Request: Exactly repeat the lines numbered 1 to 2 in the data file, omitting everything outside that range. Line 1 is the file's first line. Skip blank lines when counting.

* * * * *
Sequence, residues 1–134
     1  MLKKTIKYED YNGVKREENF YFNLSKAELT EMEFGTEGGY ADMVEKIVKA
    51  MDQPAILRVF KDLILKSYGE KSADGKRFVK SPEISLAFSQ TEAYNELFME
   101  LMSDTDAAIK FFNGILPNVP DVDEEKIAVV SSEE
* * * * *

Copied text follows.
Sequence, residues 1–134
     1  MLKKTIKYED YNGVKREENF YFNLSKAELT EMEFGTEGGY ADMVEKIVKA